By anonymous WY HCP staff member
Staff Suicide Prevention Training Saved Me
I did not type that statement lightly. After possibly the bleakest period of my life so far (and believe me, I have had terribly dark periods prior to this one) I genuinely attribute my survival to the training my team and I undertook, and the resources available to me from the Partnership.
At the beginning I felt as if I was wading in treacle, trying to navigate a complex and frustrating personal life alongside juggling a job that I felt increasingly demanded my time and attention. I naturally did what most of us in this line of work do when we’re having a wobble, I threw myself further into work to keep busy and tried to make sure everyone was happy and thriving, whilst I was inwardly drowning. I buried my head and focused on making sure I was ‘successful at work’, whilst in my private life my world was crumbling, and I felt powerless to do anything about it. The more I pushed myself, the emptier I felt. You wouldn’t have known this from the outside. From the outside I was the same cheery person you’d know me as, except my smiles and laughter were forced and my attention would easily wander. When the mask slipped you might have caught a fleeting glance of the ‘real me’ but I so easily slipped that mask back on and carried on regardless.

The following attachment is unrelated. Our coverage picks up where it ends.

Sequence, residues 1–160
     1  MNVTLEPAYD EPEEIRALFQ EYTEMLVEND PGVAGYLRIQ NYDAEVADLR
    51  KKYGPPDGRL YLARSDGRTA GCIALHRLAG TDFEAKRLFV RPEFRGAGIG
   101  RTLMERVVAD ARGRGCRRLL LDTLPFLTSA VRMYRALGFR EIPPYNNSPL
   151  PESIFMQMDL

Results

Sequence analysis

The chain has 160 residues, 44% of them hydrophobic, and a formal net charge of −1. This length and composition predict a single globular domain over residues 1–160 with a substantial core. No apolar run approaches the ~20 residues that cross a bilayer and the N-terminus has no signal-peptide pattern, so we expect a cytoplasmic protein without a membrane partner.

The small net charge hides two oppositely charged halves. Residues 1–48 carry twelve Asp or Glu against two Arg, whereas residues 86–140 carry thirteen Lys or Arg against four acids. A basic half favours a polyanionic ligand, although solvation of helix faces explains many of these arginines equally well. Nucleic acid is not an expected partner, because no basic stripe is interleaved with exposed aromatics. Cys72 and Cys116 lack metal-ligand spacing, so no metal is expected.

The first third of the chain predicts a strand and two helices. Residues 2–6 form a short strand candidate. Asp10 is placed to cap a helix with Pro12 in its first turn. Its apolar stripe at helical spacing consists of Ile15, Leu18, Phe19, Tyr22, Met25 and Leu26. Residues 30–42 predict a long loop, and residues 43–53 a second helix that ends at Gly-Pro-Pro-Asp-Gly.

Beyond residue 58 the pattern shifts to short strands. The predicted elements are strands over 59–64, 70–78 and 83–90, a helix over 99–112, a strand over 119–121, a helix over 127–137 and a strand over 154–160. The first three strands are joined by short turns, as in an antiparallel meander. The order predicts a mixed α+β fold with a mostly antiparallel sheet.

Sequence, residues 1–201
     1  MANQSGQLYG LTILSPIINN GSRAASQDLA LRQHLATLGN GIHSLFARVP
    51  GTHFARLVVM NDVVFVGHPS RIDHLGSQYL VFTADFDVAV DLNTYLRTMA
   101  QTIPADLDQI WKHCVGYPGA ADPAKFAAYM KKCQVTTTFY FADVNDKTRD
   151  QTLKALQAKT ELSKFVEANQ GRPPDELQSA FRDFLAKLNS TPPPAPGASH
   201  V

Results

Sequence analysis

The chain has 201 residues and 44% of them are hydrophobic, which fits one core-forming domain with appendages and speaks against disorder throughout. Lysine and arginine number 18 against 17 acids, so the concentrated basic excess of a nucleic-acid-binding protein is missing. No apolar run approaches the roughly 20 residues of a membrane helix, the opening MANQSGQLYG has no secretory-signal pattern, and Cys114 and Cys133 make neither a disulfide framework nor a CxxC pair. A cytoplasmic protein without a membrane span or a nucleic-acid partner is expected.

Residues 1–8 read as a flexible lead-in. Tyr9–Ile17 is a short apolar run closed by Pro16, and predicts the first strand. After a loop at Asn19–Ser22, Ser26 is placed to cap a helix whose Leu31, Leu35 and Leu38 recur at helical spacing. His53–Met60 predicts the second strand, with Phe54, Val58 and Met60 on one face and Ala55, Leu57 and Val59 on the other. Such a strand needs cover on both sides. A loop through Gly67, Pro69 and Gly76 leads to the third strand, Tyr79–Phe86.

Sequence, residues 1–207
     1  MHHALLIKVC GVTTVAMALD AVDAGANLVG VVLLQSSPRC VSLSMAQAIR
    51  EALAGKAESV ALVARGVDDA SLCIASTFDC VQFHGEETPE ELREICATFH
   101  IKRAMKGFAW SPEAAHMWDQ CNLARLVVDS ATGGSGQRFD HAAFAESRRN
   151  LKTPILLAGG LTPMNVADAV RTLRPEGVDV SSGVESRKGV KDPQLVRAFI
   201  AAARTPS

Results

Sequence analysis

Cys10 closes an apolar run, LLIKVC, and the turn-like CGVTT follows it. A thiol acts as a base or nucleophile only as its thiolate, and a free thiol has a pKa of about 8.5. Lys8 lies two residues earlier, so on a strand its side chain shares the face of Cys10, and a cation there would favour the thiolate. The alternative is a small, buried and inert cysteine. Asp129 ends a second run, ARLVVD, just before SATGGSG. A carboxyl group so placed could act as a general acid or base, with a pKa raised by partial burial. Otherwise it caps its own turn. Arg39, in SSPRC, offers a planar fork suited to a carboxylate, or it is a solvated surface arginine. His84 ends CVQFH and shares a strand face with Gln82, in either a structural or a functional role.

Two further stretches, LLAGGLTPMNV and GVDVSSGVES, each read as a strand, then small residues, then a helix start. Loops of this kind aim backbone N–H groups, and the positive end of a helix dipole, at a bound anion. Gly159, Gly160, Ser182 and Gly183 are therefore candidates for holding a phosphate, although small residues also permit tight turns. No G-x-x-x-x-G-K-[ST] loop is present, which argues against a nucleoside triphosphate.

The treacle became thicker as the world around me fell apart, I ignored how bad my situation had become. I had no control of major aspects of my life, and I was in freefall. Instead, I pushed myself harder, not even taking time off when my I had to quickly leave my once treasured home and move back into my teenage bedroom. My job gave me structure and routine, yet I was still unable to sleep and eat and I felt like I spent most of my time in tears. I was still giving so much of myself to people, I hadn’t realised just how empty I was. I was exhausted and running on empty. It was inevitable that at some point something had to give.